The Problem With IIHS Headlight Testing

Good headlights are a good thing, but is the IIHS letting too much slide?

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The Problem With IIHS Headlight Testing © The Problem With IIHS Headlight Testing

Starting in 2016, the Insurance Institute for Highway Safety began testing headlights and incorporating their performance into the coveted Top Safety Pick ratings. Headlight performance coined Good or Acceptable was required to even be a contender for Top Safety Pick+, the highest rating IIHS awards. Numerous cars lost out on the top rating due to headlight performance alone. While Good or Acceptable headlights used to be enough for the top slot, only cars with Good headlights are eligible in 2018 models. This, plus the addition of a passenger-side small offset frontal crash test, dwindled the Top Safety Pick+ list to just 15.

We can all agree that good headlights are a plus, but there's a big loophole in IIHS's headlight testing methodology. You can read all the precise details of how IIHS tests headlights on its website. These tests incorporate all headlight systems available with a car, but only consider the results of the best system when it comes to overall ratings.

Take for example the 2018 Subaru WRX, one of the few Top Safety Pick+ winners. This is based on a Good rating of the WRX's LED projector headlights with the automatic high beam assist thanks to Subaru's EyeSight driver assist package. EyeSight is a $3,300 package, and while it may appeal to drivers of more everyday cars like the Legacy, Forester, and Outback, the owner of a driver's car like the WRX is less likely to splurge for it. With the loss of automatic high beams, the headlights drop to an Adequate rating, not enough to be a Top Safety+ pick despite the LED headlights.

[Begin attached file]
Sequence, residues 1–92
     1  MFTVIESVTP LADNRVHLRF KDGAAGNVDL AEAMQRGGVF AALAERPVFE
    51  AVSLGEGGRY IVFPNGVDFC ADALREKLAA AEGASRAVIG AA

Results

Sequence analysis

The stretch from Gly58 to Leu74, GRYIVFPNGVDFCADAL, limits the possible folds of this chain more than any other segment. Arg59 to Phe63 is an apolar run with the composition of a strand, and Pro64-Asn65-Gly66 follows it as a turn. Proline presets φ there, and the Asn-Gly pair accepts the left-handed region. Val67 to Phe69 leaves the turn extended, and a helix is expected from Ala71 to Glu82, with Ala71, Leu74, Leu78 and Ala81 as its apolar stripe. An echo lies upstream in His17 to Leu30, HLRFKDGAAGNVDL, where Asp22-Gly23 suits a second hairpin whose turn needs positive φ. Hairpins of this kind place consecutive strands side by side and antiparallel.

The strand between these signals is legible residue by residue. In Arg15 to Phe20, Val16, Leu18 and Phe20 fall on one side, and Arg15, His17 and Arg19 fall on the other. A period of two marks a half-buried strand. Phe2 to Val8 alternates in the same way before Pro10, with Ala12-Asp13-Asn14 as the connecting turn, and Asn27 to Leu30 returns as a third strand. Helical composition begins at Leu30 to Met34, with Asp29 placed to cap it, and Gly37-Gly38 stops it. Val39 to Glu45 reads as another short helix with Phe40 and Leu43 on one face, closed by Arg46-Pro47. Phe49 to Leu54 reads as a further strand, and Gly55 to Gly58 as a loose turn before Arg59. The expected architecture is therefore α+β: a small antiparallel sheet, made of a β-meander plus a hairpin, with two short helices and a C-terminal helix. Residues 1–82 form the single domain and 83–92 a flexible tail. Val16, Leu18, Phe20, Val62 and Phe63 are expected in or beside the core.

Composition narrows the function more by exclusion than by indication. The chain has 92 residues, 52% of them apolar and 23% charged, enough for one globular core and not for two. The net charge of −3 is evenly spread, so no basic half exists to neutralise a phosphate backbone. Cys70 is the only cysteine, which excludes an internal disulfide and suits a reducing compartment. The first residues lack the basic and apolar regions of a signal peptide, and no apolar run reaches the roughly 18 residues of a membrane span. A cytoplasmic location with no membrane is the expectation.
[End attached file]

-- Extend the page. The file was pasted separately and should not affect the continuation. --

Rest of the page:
But wait, there's more. LED headlights only come on the higher trim levels of the WRX. The Base and Premium models have halogen headlights. which earned a Poor rating. So to buy the truly Top Safety Pick+ rated version of the WRX, at the minimum, you need to buy the $31,595 Limited model, plus EyeSight, for $34,895. That's $7,900 more than a bare-bones base model WRX.

Would IIHS grant a Top Safety Pick+ rating to a car where only the top-of-the-line models had to do well on crash tests? I don't think so. Why should headlights be treated any differently? While they may not have a direct effect on life and death in the event of the crash, they're important for an even more critical task: avoiding a crash in the first place. You can't avoid what you can't see.

I can see the argument that requiring exceptional headlights on all trim levels of a car would increase the base price. Even aftermarket LED units for the WRX can run more than $1,000. But IIHS has shown that it's willing to evolve its testing methods to slowly but surely improve the safety of a car. 

Until now there has been no passenger-side small offset frontal crash test. IIHS made this change because manufacturers were designing cars to do well in only a driver-side impact. Under the old rules, there was nothing wrong with that, so IIHS changed the standards to fix the problem. Similarly, while Good or Acceptable headlights were enough for a Top Safety Pick+ rating in the past, only Good headlights qualify this year. 

Perhaps in the future IIHS will change the rules again to require Good or Acceptable headlights across the entire model range to earn their ratings.

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